President Trump and many congressional Republicans have made no secret of their strong interest in dismantling “Dodd-Frank,” a law signed in the wake of the 2008 financial crisis to strengthen regulation of the financial industry in the United States. But it’s a small, seemingly peripheral, transparency provision focused on developing countries that’s poised to be one of the law’s earliest casualties. Congress quietly voted last week to torpedo implementation of a rule that would require U.S. firms to disclose payments made to foreign governments for the commercial development of oil, natural gas, or minerals.
Section 1504 of the Dodd-Frank Act aimed to increase the transparency of extractive industry operations in foreign countries to empower citizens to hold their governments accountable and ensure natural resource revenues are spent wisely. This aim made the provision a priority for transparency advocates, but it also attracted the attention and support of development experts. CGD scholars followed the (mis)fortunes of Dodd-Frank Section 1504 along the way, occasionally chronicling its progress toward implementation.
But more telling than the sporadic blog post is that on not one, but two occasions, CGD bestowed its then-annual “Commitment to Development ‘Ideas in Action’ Award” to champions of the provision. In 2010, CGD honored Publish What You Pay, highlighting the civil society coalition’s work on section 1504. And then, in 2012, CGD gave the award to Senator Dick Lugar (R-IN)—praising a decades-long commitment to international development, including sponsorship of Section 1504—also known as the Cardin-Lugar Transparency Provision. In celebrating the provision, CGD recognized its potential to yield outsize impact as a “beyond aid” approach to development.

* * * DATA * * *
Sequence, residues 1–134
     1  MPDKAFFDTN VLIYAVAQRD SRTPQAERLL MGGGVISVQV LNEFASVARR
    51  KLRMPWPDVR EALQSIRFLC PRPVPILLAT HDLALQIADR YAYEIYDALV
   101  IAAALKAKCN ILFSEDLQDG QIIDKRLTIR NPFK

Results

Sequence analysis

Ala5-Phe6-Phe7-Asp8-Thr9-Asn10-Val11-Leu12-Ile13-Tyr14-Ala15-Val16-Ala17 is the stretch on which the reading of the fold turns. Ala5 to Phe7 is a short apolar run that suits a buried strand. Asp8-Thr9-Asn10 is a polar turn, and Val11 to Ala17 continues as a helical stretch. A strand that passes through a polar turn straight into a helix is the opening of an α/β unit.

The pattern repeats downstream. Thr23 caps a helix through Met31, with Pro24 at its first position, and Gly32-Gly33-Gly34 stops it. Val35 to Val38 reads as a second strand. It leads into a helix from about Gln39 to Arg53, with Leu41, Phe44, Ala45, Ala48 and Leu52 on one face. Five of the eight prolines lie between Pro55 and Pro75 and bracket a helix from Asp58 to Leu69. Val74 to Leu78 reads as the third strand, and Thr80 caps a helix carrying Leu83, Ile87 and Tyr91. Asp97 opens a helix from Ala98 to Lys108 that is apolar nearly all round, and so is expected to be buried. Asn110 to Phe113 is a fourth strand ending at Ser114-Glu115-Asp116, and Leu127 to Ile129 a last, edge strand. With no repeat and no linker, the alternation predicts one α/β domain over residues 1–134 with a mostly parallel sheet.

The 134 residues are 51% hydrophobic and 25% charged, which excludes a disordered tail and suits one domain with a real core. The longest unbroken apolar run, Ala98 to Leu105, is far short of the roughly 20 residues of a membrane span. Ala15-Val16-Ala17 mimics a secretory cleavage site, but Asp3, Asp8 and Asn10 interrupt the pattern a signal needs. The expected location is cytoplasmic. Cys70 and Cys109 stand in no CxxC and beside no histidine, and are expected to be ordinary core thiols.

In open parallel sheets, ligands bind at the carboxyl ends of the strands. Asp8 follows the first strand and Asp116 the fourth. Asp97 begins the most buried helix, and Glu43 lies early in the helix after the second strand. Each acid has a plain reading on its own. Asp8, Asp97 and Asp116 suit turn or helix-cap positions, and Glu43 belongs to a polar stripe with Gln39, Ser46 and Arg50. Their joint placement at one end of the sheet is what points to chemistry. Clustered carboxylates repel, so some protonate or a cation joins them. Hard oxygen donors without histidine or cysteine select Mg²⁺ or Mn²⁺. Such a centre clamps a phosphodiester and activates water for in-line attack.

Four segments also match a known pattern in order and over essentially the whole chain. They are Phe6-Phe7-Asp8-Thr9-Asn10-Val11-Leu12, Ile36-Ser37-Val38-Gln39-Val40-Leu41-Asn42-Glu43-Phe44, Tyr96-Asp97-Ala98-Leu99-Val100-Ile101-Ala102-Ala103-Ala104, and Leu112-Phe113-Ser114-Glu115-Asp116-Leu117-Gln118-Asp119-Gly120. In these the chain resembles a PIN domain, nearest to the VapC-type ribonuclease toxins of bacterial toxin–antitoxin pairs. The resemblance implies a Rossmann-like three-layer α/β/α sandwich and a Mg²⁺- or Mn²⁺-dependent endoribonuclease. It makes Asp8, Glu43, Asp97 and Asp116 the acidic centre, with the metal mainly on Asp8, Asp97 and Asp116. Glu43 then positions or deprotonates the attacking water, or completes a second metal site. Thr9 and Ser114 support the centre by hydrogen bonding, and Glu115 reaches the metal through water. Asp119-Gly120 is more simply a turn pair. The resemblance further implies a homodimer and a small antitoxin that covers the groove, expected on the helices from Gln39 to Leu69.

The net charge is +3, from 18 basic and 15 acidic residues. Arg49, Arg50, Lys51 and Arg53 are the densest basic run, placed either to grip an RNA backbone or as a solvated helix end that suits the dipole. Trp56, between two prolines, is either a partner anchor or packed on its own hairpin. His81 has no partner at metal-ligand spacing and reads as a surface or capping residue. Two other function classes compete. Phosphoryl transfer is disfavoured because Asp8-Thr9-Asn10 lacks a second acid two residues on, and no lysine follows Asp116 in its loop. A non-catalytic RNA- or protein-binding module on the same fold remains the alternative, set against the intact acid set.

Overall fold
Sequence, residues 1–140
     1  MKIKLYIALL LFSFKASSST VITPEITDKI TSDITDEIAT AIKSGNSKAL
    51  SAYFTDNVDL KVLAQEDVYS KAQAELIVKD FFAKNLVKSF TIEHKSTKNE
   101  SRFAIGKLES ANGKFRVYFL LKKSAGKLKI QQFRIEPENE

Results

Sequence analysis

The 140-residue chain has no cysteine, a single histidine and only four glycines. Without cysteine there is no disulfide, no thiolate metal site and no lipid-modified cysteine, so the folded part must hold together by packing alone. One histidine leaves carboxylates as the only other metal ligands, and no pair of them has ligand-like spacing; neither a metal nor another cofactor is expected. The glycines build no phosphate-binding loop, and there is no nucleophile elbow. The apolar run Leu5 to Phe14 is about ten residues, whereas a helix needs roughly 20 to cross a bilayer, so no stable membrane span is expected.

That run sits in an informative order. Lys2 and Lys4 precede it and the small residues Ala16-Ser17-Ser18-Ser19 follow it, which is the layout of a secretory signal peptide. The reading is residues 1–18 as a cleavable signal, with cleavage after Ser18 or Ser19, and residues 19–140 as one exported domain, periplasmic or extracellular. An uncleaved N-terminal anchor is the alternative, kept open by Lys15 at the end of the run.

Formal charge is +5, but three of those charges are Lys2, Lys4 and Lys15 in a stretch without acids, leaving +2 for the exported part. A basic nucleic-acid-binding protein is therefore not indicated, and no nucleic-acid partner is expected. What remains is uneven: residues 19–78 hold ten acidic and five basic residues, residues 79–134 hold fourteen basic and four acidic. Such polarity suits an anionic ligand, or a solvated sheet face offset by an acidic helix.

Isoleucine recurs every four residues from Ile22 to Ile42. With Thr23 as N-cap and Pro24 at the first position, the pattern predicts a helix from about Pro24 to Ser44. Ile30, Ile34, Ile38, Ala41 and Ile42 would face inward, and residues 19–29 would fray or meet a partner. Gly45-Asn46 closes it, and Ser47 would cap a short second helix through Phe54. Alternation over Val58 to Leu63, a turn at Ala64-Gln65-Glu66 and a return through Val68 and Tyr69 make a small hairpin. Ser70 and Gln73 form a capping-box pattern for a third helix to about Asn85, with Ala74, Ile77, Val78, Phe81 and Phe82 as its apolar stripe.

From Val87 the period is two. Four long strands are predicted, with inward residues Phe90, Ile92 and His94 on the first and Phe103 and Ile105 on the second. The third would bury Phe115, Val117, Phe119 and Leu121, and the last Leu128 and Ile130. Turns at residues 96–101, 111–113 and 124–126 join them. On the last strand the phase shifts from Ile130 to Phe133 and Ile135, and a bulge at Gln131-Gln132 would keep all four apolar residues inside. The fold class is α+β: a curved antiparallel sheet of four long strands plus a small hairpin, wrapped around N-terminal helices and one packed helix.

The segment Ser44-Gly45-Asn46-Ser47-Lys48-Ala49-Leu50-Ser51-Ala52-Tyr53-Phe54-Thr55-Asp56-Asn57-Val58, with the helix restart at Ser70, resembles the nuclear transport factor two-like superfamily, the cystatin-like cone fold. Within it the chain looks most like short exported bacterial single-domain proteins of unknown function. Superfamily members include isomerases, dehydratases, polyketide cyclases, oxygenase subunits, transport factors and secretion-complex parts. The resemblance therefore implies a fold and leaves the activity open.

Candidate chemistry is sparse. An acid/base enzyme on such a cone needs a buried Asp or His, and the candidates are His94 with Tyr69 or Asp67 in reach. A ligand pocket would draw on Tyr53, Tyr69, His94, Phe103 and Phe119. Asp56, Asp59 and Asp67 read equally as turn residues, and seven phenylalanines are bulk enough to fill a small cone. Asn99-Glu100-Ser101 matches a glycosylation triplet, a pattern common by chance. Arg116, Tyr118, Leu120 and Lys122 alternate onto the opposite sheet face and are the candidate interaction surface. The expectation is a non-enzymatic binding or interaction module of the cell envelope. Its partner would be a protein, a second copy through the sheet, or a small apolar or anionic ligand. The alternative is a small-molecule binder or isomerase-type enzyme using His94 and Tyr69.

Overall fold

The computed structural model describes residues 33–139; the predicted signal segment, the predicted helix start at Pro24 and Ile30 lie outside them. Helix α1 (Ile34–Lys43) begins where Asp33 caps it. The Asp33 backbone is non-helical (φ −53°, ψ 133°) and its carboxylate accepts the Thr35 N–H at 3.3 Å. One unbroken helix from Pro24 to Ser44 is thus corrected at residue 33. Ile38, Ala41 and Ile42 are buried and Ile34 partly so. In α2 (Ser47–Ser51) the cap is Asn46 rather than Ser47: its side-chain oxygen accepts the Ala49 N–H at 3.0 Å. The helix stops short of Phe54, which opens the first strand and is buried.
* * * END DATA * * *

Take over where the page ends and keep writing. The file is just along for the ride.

How did Section 1504 fall so quickly in these early days of the Trump Administration? The provision always faced strong opposition from US industry interests, and litigation plagued the rulemaking process and delayed implementation of the provision from the start. It wasn’t until June of last year that the Securities and Exchange Commission (SEC) published a revised final rule—mandated disclosures were slated to begin with fiscal year 2018. Unfortunately the late promulgation date left the rule vulnerable to reversal using the Congressional Review Act (CRA)—and that’s just what happened. (The rarely used CRA gives Congress the ability to abolish major rules finalized within a specified time period.)
At the moment, the ultimate fate of Section 1504 remains something of a mystery. Despite the fact that the transparency provision is still on the books, under the CRA, the SEC cannot promulgate a disclosure rule “substantially the same” as what Congress voted to repeal in the absence of new legislation. We’ll keep watch—and hope the bipartisan support for transparency and development we’ve seen from Congress in recent years propels action to salvage this award-winning provision.